The one structural component of the model that is not yet fully resolved in Basso’s mind involves HR’s support of the university’s talent-related activities. For the past two years, individuals responsible for talent acquisition and management have been sitting within the various colleges and business units, and that has been working well, explains Basso. “At the same time, our original plan was to bring talent management into our professional services team to share in the work and development of overall institution strategy, so we are still testing this out.” One option is to allow talent professionals the flexibility to go back and forth between the talent-professionals team and the specific college or unit they serve. Regardless of where they physically sit or spend their time, one thing is certain, says Basso: “With shrinking and increasingly competitive talent pipelines, talent acquisition and management looms as a huge part of our future involvement as an HR enterprise.”


The benefits the university is already realizing as a result of a re-imagined HR function reflect a larger story of institution transformation that leaders envision for finding more effective ways to conduct all of Penn State’s business, says Gray. As within HR, a number of other core university services have suffered over the years from a high degree of organizational fragmentation, where policies have become unevenly enforced among various colleges and business units, explains Gray.

Other areas in need of transformation within the finance and administration arena include IT and campus public safety. With HR nearing full implementation, Gray suggests these other service areas will now get their turn. “We have tried to be thoughtful about pacing, waiting until we were well enough along with one new initiative before starting another so that our workforce has an appropriate amount of time to absorb the changes,” says Gray.

Penn State’s HR business process transformation is also providing a template for these other change initiatives the university intends to tackle, adds Gray. “For starters, we recognize the need to be intentional and ambitious, but also methodical. And, we now know the benefit of allowing time for pilot testing of our ideas to prove our concepts and tweak our initial ideas before moving to large-scale deployment.” Important to note is that the recipe for Penn State’s success has not simply been to add technology, says Gray. “If you don’t redesign the business processes and policies and implement an efficient service delivery, you will wind up spending a lot of money without much reward.”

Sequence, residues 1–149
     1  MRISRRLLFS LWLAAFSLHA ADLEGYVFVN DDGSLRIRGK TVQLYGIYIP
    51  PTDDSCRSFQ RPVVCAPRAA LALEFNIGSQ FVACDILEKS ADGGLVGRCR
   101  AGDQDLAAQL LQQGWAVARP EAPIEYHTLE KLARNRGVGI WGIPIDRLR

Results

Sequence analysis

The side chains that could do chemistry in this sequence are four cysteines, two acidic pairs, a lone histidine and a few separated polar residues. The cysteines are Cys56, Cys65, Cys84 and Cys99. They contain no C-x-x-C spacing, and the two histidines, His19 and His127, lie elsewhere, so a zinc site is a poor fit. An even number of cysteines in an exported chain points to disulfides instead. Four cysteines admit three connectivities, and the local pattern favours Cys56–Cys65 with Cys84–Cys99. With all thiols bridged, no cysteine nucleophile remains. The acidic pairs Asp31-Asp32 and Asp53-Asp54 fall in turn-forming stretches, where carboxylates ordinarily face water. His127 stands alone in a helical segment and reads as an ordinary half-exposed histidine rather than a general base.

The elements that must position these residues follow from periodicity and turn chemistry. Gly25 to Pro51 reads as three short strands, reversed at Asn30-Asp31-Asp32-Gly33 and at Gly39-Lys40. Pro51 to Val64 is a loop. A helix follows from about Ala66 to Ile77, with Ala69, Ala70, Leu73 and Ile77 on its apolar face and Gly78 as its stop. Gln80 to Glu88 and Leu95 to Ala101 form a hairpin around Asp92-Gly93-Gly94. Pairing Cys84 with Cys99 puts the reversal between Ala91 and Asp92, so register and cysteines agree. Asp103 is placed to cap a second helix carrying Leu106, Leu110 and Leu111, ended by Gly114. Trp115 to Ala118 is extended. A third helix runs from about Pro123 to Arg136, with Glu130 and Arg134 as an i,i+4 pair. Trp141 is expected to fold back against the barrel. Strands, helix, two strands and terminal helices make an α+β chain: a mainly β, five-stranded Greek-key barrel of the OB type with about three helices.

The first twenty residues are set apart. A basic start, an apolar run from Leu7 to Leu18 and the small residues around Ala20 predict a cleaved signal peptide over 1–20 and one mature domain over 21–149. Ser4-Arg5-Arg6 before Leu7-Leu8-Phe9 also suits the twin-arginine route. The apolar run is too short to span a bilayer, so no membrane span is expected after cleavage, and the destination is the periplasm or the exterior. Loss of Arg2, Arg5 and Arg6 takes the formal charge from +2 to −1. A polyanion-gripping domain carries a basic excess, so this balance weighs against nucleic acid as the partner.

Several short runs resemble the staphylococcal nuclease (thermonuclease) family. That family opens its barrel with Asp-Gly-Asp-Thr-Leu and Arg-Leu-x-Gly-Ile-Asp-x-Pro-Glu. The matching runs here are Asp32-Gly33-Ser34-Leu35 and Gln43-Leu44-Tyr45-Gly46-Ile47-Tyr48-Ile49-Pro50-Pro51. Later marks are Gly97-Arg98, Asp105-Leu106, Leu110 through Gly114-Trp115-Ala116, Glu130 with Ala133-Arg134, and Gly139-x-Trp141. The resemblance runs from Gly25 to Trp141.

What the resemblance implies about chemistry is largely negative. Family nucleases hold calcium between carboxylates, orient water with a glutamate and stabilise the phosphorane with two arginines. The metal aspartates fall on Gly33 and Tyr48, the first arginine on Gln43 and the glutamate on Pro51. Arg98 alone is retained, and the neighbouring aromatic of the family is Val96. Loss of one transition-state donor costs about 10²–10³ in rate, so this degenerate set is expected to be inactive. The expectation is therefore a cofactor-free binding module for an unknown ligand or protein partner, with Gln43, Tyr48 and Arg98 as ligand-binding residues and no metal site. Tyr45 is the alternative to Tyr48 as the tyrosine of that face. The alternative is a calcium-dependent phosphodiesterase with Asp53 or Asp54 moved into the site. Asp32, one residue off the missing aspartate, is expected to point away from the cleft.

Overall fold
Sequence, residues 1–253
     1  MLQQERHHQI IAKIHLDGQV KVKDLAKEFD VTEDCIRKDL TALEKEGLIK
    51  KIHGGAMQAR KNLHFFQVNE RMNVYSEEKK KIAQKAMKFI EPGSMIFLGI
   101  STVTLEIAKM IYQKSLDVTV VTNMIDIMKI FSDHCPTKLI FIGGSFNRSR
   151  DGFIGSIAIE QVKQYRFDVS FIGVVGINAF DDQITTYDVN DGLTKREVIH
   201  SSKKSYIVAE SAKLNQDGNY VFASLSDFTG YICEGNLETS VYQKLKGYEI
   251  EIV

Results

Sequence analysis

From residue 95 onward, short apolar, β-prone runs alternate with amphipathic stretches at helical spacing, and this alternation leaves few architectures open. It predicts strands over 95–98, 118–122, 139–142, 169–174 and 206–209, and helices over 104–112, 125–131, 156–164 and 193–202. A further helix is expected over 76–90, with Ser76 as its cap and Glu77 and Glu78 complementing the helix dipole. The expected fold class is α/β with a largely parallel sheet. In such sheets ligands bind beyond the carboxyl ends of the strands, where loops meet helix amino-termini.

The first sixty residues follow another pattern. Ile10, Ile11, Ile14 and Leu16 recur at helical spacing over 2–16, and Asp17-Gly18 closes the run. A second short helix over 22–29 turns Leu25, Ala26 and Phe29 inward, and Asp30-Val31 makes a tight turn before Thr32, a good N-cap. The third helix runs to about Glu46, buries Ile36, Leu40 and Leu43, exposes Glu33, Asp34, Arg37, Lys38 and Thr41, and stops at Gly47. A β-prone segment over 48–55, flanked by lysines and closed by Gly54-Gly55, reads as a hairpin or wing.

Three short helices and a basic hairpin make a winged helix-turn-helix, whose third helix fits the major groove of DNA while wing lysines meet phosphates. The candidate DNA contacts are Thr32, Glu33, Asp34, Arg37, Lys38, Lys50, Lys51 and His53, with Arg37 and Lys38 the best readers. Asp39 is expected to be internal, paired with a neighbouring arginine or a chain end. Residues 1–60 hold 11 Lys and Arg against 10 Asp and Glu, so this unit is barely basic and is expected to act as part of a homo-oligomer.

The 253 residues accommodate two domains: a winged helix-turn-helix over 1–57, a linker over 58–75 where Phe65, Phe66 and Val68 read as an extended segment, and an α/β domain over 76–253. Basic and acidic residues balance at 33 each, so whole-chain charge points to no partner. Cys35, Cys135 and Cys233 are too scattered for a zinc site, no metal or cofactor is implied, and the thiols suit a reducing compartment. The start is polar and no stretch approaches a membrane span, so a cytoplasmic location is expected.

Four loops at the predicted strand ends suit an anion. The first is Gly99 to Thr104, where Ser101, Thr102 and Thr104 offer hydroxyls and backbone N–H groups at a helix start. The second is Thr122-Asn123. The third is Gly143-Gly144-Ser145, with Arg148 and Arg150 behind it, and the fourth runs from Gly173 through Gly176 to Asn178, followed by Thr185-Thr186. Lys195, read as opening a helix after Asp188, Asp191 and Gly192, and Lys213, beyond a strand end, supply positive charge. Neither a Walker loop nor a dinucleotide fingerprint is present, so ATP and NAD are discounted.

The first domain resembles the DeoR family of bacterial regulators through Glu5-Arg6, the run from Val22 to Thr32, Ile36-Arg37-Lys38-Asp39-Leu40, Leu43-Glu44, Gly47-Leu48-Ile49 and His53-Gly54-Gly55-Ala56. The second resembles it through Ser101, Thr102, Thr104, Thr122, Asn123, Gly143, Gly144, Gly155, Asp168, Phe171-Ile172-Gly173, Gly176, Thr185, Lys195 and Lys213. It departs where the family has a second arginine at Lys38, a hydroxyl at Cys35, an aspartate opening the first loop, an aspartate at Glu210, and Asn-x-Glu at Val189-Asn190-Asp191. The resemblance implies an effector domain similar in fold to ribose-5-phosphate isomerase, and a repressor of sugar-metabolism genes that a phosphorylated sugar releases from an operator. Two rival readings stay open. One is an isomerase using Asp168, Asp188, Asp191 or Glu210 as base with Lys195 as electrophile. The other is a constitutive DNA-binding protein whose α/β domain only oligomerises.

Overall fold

Sustained communication has likewise been essential throughout the process, says Basso. HR leaders held their first town hall four years ago to lay out the vision for transformation. “I remember walking back to my office after that first town hall thinking this is going to be way harder than I imagined,” says Basso. “No one asked questions, but I could tell by the body language that this would not come easily.” Since that initial town hall, HR has been holding one town hall per semester. Fast forward to the most recent town hall and there is now so much engagement and excitement, says Basso. “People can see a future, and there is a clear line of sight for what we need to do to realize all these opportunities.”

What has proven hugely beneficial in securing employee enthusiasm was not only letting HR employees help design the space they’re moving into, but also letting them participate in that process. “We are starting to bring employees in one day each week to our current building to get them accustomed to working together and for anywhere between 10 and 50 hours of training on our new technology, customer service protocols, and so forth,” says Basso. “They have also been fully engaged and instrumental in redesigning our vision, mission, and the guiding principles for how we will conduct ourselves in the future state.”

This underscores another important point, notes Gray, and that is that engagement is absolutely crucial in a comprehensive effort of this scale. “The most effective and durable changes are done with people, not to people,” argues Gray. “Genuine engagement and collaboration will go a long way toward gaining acceptance and generating excitement if people feel a part of shaping the future versus having the future imposed on them.”

Karla Hignite, editorial consultant to NACUBO, is editor of NACUBO's HR Horizons; e-mail:

Related Content

New OSHA Rules Require Employees to be Vaccinated by January 4, 2022

On December 20, following a previous judicial halt, the U.S. Court of Appeals for the Sixth Circuit has reinstated the ETS requirement for large employers. OSHA officials will exercise some compliance discretion as employers work to come into compliance with the mandate.

Supreme Court Blocks Federal COVID-19 Vaccine Mandate for Large Employers

The Supreme Court blocked the Biden administration’s attempt to require vaccines or testing, but it allowed a vaccine mandate for certain healthcare workers to go into effect. Employers, including colleges and universities, may still choose to require vaccinations.

Members Only

Characterizing Student Athletes as Employees: It’s Complicated

Alexander Reid, partner at the law firm BakerHostetler, discusses issues raised by a memo from the National Labor Relations Board General Counsel, which proposed to classify some college athletes as employees.